Rogers launches Canadianized Hulu site

Rogers On Demand Online to go live on Nov. 30

TORONTO -- The face of Hulu in Canada is Rogers On Demand Online, an ad-supported online video service from cable giant Rogers Communications to launch nationwide on Nov. 30.

Canadians are currently blocked from watching Hulu due to licensing issues. So Toronto-based Rogers is to launch its broadband portal as an online extension of its local and Hollywood TV and movie content to its 2.3 million cable subscribers.

Dave Purdy, vp of video product management at Rogers, pitched the video service as the first North American online authenticated and ad-supported portal.

"We're no longer in the cable TV business. We're in the video entertainment business," he said as he unveiled a beta version of Rogers On Demand Online Monday night ahead of the national rollout.

Rogers will offer its cable and high-speed Internet subscribers access online to an initial 15 channels which it owns in whole or partly, including Citytv, Rogers Sportsnet, A&E Canada, Bio and G4 Canada.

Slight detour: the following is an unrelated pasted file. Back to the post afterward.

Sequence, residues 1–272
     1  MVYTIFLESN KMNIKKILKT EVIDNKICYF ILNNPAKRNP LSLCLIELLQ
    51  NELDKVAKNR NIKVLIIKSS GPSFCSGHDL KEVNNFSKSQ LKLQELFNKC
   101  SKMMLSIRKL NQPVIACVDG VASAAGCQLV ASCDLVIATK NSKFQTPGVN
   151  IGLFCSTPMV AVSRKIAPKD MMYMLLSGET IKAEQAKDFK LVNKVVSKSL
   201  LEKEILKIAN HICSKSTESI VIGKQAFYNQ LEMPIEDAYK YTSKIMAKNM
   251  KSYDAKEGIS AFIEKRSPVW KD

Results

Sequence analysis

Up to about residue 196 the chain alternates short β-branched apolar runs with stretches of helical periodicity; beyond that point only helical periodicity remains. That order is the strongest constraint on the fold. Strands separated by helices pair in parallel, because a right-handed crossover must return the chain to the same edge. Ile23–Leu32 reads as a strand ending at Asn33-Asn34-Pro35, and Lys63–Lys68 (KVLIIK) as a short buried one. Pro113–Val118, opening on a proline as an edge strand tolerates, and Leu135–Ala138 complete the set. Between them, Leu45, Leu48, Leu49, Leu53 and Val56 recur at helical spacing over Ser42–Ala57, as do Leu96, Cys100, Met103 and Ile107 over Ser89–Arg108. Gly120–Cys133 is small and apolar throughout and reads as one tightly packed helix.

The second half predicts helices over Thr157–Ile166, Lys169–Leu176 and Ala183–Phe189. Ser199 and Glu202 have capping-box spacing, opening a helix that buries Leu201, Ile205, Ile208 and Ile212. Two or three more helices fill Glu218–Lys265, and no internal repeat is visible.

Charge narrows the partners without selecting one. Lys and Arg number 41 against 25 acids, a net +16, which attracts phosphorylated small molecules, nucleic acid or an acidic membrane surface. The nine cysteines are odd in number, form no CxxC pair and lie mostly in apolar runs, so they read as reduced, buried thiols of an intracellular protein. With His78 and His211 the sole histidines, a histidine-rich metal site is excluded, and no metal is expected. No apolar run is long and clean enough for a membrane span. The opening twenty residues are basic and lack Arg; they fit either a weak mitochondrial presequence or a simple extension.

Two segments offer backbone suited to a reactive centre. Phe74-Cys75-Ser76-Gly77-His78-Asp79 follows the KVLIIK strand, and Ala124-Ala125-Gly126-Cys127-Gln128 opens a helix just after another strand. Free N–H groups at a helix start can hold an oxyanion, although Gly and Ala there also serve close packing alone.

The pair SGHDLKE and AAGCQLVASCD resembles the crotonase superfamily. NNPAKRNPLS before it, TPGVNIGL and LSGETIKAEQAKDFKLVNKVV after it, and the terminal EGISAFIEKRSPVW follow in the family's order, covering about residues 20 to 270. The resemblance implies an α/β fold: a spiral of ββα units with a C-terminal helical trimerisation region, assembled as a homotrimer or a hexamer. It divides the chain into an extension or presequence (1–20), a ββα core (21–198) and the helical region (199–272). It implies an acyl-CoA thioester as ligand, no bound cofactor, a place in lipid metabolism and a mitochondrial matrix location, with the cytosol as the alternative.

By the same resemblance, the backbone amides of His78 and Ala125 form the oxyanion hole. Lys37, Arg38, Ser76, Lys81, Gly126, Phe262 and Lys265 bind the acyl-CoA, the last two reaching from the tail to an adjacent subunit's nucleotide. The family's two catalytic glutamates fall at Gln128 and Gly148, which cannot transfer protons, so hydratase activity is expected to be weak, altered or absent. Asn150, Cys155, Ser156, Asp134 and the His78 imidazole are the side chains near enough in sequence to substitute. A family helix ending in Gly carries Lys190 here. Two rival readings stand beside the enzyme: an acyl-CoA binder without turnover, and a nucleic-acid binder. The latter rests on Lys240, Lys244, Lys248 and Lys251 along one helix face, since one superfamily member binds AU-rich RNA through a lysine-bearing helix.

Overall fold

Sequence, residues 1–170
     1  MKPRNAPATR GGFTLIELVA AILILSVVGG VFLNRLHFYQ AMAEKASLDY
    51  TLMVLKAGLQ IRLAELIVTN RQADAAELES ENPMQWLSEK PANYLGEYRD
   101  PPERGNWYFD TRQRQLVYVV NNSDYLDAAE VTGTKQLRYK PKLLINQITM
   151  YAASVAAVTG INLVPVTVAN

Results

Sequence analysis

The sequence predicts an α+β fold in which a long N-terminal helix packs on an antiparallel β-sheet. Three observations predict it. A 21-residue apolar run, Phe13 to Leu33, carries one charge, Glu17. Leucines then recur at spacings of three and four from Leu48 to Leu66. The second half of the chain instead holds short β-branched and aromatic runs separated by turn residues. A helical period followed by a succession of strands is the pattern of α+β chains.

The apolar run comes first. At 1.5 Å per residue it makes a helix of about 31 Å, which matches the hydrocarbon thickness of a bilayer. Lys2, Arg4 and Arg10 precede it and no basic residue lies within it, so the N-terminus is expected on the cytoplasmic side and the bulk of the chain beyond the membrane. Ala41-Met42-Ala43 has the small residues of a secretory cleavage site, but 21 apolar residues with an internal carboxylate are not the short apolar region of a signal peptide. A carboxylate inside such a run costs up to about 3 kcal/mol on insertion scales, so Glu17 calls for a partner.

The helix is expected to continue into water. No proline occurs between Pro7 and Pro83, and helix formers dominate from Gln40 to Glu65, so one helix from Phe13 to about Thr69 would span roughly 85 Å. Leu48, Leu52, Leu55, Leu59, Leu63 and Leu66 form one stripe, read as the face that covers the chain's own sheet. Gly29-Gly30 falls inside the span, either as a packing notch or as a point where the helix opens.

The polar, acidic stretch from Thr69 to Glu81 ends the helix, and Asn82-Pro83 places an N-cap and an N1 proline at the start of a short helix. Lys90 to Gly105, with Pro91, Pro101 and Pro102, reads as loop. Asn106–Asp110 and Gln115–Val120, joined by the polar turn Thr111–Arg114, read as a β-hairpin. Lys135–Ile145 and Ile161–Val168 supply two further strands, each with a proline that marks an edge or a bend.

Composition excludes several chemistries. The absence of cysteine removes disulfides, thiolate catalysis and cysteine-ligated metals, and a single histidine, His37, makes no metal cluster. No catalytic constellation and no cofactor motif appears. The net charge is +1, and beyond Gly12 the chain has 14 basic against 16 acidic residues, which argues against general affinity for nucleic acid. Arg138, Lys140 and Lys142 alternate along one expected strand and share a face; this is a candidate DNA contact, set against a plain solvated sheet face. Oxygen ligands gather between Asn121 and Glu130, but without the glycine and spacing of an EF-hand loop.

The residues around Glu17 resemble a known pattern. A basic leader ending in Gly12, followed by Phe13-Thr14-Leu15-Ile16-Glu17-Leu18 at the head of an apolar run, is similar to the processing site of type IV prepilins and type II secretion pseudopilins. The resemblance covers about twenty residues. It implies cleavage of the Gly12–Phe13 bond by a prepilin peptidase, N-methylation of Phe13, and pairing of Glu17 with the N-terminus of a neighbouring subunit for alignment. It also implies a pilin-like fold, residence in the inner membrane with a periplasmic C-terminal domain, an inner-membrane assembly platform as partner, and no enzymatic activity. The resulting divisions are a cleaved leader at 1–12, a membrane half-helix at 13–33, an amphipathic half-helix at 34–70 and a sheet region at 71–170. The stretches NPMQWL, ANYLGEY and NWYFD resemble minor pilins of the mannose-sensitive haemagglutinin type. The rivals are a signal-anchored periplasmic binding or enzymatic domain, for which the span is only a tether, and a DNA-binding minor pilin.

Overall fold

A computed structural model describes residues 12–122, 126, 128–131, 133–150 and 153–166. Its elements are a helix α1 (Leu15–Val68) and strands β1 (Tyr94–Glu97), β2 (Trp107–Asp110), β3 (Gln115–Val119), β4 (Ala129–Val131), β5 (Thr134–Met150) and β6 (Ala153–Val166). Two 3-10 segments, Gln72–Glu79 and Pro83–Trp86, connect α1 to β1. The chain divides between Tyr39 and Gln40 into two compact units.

Cable TV subscribers will be able to watch the broadband content anywhere in Canada where their computer can access the Internet after user authentication.

By the second half of 2010, the Rogers service will be extended to a mobile app, social media sites and live event streaming.

Content distributors to have already pacted with Rogers on its online video service include Warner TV and Michael Eisner's web studio Vuguru.

Purdy said more content deals will be unveiled ahead of the Nov. 30 launch and periodically over the coming year.

The Canadian cabler chose to make the video portal entirely ad-supported and offer no stand-alone subscription for viewing current TV series, library shows and movies untethered to a TV set or VOD platform.

The programming content will be based on current cable subscriptions.

And The Rogers service will also feature only premium TV content as the Canadian cable operator does not want to compete with YouTube and its user-generated content.

Rogers' Purdy said the video portal will feature a range of advertising, from pre-roll ads on kids programming to the same number of ad breaks on primetime series, with only one commercial per break.

The cable operator intends to negotiate with content providers to either sell ads for shows featured on the portal, allow broadcast groups to sell ads on their own, or provide a hybrid service where Rogers sells unsold inventory.

And Canadians will not be able to skip ads on the Rogers video portal, as they can on PVRs.
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